The Penguin Book of English Verse
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Spanning seven centuries, this ambitious and revelatory collection turns the traditional chronology of anthologies on its head, listing poems according to their first individual appearance in the language rather than by poet.
For more than seventy years, Penguin has been the leading publisher of classic literature in the English-speaking world. With more than 1,700 titles, Penguin Classics represents a global bookshelf of the best works throughout history and across genres and disciplines. Readers trust the series to provide authoritative texts enhanced by introductions and notes by distinguished scholars and contemporary authors, as well as up-to-date translations by award-winning translators.
Glo-worms shine, And face the Moon: Wise Nicodemus saw such light As made him know his God by night. Most blest believer he! Who in that land of darkness and blinde eyes Thy long expected healing wings could see, When thou didst rise, And what can never more be done, Did at mid-night speak with the Sun! O who will tell me, where He found thee at that dead and silent hour! What hallow’d solitary ground did bear So rare a flower, Within whose sacred leafs
foweles maken melodye, 10 That slepen al the nyght with open ye (So priketh hem nature in hir corages), Thanne longen folk to goon on pilgrimages, And palmeres for to seken straunge strondes, To ferne halwes, kowthe in sondry londes; 15 And specially from every shires ende Of Engelond to Caunterbury they wende, The hooly blisful martir for to seke, That hem hath holpen whan that they were seeke. from The General Prologue [The Prioress] Ther was also a Nonne, a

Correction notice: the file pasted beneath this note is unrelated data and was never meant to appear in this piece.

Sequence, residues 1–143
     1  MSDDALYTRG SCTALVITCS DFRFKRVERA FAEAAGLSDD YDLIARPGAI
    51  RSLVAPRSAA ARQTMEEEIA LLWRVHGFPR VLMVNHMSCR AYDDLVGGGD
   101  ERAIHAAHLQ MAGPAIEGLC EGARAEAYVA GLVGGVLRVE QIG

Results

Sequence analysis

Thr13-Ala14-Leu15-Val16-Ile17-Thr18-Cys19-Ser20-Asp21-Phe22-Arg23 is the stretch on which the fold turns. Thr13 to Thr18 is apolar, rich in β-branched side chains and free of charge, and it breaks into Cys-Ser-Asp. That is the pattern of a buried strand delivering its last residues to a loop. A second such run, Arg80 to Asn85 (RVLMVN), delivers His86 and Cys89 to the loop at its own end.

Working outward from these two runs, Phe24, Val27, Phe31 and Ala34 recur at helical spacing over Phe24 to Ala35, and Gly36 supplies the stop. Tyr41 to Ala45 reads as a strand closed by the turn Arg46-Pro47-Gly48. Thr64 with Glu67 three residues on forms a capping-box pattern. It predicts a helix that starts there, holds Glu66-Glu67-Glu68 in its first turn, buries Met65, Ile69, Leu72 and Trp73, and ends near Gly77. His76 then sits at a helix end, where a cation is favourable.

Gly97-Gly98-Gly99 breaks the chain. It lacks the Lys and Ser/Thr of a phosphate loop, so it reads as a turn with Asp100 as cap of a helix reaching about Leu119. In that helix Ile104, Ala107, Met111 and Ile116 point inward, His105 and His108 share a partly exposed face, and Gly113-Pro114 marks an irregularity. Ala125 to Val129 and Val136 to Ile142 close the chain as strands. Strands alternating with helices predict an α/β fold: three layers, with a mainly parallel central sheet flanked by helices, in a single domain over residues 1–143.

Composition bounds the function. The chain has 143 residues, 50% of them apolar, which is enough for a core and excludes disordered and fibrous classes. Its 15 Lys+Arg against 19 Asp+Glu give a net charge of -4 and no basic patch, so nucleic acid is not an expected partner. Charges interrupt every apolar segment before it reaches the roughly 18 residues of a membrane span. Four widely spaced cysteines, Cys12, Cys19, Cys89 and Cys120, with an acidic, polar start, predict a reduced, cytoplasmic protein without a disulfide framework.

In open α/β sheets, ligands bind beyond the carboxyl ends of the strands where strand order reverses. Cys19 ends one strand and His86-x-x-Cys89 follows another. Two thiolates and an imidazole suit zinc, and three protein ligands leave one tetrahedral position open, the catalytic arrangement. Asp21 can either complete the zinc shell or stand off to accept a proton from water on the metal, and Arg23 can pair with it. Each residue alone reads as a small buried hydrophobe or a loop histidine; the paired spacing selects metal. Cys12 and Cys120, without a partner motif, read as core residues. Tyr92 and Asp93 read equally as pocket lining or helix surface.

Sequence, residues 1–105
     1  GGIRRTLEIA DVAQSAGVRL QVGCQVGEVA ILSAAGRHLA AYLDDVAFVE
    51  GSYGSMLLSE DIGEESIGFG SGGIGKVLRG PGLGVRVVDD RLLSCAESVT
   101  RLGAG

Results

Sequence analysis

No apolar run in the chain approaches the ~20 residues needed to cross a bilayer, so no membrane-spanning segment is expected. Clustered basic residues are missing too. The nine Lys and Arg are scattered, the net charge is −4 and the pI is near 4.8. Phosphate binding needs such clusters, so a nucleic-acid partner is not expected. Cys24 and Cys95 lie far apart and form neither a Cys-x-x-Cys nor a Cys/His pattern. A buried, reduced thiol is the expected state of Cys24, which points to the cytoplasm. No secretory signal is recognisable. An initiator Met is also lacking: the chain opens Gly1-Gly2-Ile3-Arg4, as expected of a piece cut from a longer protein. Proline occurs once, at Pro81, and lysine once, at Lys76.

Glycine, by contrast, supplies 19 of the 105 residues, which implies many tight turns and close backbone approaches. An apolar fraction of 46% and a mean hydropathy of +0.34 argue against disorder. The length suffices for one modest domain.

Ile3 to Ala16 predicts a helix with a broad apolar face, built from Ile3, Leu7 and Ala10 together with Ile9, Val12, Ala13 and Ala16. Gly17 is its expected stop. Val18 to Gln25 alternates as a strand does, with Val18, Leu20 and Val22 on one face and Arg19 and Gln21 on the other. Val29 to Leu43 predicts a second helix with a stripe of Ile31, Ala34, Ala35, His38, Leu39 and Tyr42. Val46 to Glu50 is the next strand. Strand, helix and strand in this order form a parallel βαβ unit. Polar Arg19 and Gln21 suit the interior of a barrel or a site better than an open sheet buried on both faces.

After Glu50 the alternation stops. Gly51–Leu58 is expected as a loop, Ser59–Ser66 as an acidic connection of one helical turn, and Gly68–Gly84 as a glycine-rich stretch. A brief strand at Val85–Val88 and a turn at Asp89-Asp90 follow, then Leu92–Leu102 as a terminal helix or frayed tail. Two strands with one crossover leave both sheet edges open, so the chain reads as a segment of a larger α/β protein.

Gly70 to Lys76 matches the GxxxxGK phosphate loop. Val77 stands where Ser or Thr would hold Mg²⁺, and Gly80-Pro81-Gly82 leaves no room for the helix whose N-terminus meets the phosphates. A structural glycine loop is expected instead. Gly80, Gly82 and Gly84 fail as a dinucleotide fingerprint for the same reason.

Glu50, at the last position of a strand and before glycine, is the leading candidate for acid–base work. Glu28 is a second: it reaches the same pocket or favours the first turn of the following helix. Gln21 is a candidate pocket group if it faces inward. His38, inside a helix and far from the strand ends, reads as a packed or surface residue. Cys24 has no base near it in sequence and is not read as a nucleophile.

ful of many a goore. Whit was hir smok, and broyden al bifoore And eek bihynde, on hir coler aboute, 20 Of col-blak silk, withinne and eek withoute. The tapes of hir white voluper Were of the same suyte of hir coler; Hir filet brood of silk, and set ful hye. And sikerly she hadde a likerous ye; 25 Ful smale ypulled were hire browes two, And tho were bent and blake as any sloo. She was ful moore blisful on to see Than is the newe pere-jonette tree, And softer
the thee; 24 quhome whom; 25 quhill until; glass i.e. Time’s glass; 27 that will away what wishes to be off; 28 ‘or crave what you cannot keep for any length of time’; 30 journay journey; 32 I the requeir I beg you; 34 compt an account; 36 ‘At which Death casts open his wide gates’; 37 ‘saying “These will stay open for you” ’; 38 stout strong, brave; 39 lowt stoop; 42 kist chest; coup wine-cup; 43 luiffis blys love’s joy; 44 lat prevent; 45 sowp sup; 46 quhone when; 50 disport
ignorance? And rather in the dark to grope our way, Than led by a false guide to erre by day? Who sees these dismal heaps, but would demand What barbarous Invader sackt the land? But when he hears, no Goth, no Turk did bring This desolation, but a Christian King; When nothing, but the Name of Zeal, appears ’Twixt our best actions and the worst of theirs, What does he think our Sacriledge would spare, When such th’effects of our devotions are? Parting from thence